Changing Themes: Neurobiology x Environment = ?

If you’ve suffered from OCD for a while, you probably know that themes change. Or maybe you’re new to your diagnosis and haven’t yet realized that the besieging thoughts you have about your relationship, your health, your sexuality, whatever they may be are just the many heads of the same monster. Well, they are, which means that the interventions that work for one theme will work for the rest as well, with some minor adjustments.

What I’ll be addressing in this post is the question of why OCD themes change. If you live with OCD, you can probably intuit part of the answer to this question. Themes change when we are confronted with something new that threatens something we care about. A new OCD theme can attach to something previously untouched by OCD, or can arise because the brain has discovered a new way that trouble can lay siege to something already heavily guarded by OCD.

For example, most of us value our relationships. Individuals who have troubled relationship histories may be particularly vigilant about the health of their relationships. Typical Relationship OCD (ROCD) obsessions may be the only manifestation of an individual’s illness for while. These obsessions are usually partner-focused or relationship-focused  (is my partner “good enough”? Are they the best fit for me? How can I be sure this is really love?). If treatment is successful, the person suffering from these obsessions will learn and accept that there is no way to find definitive answers to these questions, and that living a values-based life despite the presence of OCD means embracing the element of uncertainty that is inherent to every aspect of being human. The mind in a state of acceptance will no longer respond to OCD’s cues to be vigilant and to solve the problem posed by an obsession. A sufferer may experience a temporary or lasting remission of symptoms.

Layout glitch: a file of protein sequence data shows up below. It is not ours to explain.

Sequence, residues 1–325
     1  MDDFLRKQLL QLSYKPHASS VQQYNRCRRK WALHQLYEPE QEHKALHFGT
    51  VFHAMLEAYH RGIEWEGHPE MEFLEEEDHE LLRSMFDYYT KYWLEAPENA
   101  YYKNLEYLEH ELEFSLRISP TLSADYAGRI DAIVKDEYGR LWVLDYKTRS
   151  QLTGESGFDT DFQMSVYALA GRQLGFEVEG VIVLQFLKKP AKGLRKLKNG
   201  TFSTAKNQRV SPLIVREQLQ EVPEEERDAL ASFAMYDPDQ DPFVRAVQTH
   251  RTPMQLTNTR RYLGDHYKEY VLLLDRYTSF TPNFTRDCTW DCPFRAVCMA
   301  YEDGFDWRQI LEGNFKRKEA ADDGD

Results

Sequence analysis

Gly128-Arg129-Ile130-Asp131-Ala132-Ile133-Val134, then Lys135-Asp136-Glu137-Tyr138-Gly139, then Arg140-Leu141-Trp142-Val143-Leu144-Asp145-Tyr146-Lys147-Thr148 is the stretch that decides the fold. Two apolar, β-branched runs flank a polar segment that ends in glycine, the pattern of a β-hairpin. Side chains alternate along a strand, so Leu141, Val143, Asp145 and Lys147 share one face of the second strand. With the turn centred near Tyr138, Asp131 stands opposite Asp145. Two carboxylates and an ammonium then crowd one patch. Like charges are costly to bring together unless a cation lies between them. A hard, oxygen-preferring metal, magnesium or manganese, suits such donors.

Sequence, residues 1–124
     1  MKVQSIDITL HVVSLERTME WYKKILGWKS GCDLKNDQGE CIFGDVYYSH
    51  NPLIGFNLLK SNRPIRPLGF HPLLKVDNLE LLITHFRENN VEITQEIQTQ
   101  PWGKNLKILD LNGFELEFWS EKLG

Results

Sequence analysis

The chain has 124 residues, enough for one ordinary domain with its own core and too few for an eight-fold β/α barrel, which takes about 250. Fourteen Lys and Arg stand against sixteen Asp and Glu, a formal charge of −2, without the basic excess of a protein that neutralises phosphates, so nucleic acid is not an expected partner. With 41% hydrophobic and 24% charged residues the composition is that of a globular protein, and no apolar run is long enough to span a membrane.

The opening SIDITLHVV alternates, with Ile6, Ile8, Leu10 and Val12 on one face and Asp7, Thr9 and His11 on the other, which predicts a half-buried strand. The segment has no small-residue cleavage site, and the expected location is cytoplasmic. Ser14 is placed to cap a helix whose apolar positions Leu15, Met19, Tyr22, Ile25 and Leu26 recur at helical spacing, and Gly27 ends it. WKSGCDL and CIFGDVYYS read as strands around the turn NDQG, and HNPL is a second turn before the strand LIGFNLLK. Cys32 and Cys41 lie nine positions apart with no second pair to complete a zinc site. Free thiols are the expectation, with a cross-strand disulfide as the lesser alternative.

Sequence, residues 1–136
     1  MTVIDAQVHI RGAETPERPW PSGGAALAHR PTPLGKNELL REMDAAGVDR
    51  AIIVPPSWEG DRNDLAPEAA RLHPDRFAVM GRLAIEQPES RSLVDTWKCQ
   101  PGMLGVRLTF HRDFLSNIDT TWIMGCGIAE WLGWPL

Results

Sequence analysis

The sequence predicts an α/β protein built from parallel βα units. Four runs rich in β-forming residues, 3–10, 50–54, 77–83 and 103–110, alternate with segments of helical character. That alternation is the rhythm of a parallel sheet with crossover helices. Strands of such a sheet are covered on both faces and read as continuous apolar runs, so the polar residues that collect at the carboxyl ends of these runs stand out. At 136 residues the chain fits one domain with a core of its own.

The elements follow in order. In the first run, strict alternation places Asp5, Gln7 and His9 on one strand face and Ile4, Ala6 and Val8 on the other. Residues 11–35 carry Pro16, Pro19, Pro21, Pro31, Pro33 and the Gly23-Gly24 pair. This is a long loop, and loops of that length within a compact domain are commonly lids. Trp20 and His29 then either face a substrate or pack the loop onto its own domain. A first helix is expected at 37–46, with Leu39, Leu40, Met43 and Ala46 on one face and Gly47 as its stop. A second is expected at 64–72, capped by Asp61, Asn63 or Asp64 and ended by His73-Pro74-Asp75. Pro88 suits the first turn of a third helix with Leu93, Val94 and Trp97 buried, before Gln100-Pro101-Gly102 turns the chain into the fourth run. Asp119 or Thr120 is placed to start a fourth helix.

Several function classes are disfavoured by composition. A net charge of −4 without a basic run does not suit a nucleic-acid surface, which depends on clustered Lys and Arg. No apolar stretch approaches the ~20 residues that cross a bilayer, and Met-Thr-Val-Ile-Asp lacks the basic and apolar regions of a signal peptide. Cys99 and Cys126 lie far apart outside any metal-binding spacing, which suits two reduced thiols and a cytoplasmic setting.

It is also possible that as soon as the ROCD theme loses its power over a sufferer, they begin experiencing obsessive doubt about their sexual orientation (or the state of their health, their partner’s safety, really the possibilities are endless). The threat, in this case the fear the impossibility of having a loving, harmonious relationship, has found new expression in another theme. But it’s important to note that although the Wizard may have changed his mask, he’s still played by the little man behind the curtain (Codde, 2022). The strategies used for accepting uncertainty in the first instance will work again.

On a broad scale, it’s interesting to note why we fear what we fear. Most of us can relate to the desire for a healthy long-term partnership. We learn gradually, throughout our upbringing that our life partners are critical players in the stories of our lives, our fulfillment, our success. But what if we lived in culture in which our partners were not intended to be everything to us? What if we lived in a culture in which the dynamics of partnership and marriage were first and foremost economic or political? In which it was understood that a spouse cannot and should not play more than one specific role? Would ROCD be as prevalent as it is for us?

Research demonstrates that OCDs rate of occurrence and theme content vary across cultural contexts and have changed over time. There are certain OCD themes and related disorders that are specific to a region or a specific population or subculture. It may seem intuitive that in highly religious communities, OCD may be more frequently occurring and often is expressed through religious and moral obsessions (Scrupulosity). There is evidence dating back to the 15th century that Scrupulosity was the most common expression of OCD in highly religious Western cultures at the time. This, given the role of Christianity in the west in the late middle ages, is unsurprising. There is also record of more neutral themes appearing in Babylonian texts: